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What are the classical mathematics textbooks of the 20th Century?

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Spivak and Rudin!
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Maybe Steen and Seebach's "Counterexamples in Topology"?
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Arnold's Mathematical Methods of Classical Mechanics was published in the 70s. Definitely a classic in the area of geometric mechanics.
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Kolmogorov and Fomin - analysis

Appel et Goursat - Cours d'Anaylse

Lang - Algebra

Siegel - complex function theory

Dedekind - Was Sind und Was Sollen die Zahlen (1901!)

Atiyah and MacDonald - commutative algebra

Strang - some linear algebra book

Serre - a course in arithmetic

Macclane categories for the working mathematicians
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Hartshorne's AG, unquestionably. Eisenbud's CA in my opinion (not from the 70s but the 20th century nonetheless), but more uncontroversially Zariski and Samuel's. Also Mumford's Red Book. Milnor and Stasheff's book on characteristic classes. Adams's Blue Book on stable and chromatic homotopy, and Ravenel's Green Book on the same (again, the latter was not around in the 70s but is still from the 20th century). Tbh any book that's commonly referred to by its color is probably a classic.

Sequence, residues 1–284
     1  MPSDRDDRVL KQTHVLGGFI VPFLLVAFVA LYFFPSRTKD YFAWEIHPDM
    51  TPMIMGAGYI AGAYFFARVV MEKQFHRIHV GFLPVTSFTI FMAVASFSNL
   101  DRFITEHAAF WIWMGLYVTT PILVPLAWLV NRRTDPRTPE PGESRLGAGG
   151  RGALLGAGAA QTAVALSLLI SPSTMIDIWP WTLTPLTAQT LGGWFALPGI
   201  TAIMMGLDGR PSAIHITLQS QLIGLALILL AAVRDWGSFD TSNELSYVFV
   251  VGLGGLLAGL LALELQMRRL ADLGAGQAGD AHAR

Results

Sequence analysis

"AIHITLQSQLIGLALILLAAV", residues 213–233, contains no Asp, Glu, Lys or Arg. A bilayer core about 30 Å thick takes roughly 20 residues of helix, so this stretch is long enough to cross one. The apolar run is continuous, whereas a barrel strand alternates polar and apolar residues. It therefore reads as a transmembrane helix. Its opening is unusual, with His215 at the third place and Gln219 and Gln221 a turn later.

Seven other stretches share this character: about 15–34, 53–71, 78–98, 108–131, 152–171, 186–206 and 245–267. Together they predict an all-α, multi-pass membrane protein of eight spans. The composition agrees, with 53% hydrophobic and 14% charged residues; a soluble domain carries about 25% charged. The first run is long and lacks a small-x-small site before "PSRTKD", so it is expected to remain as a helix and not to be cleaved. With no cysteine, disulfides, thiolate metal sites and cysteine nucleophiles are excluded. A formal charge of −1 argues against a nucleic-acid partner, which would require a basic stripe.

Oh, and EGA. Obviously.

EDIT: If you count physics (and books from the 80s), Shankar's book on quantum should be on the list. Likewise with Feynman's Lectures in Physics series and Taylor's Classical Mechanics. I would also argue for Purcell's EM text, although people seem to have shifted away from it lately in favor of generic "intro physics" bullshit like Giancoli.
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Van der Waerden "Modern Algebra" for sure.

Also Courant/Hilbert "Methods of mathematical physics".

MacLanes "Categories for the working mathematician" is from the 70s.
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Complex Analysis by Lars Ahlfors and Topology from a Differentiable Point of View by John Milnor should both count.
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Paul R. Halmos - *Finite dime sional vector spaces*

Hardy & Wright - *An introduction to the theory of numbers*

Coxeter - *Geometry revisited*

And my absolute favorite:

Polya & Szego - *Problems and theorems in analysis*
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Hermann Weyl- The Concept of a Riemann Surface
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Casella and Berger - Statistical Inference

I know you said math books, and I just listed a book on statistics, but thumbing through the pages you can very well see how this can be considered a math book lol

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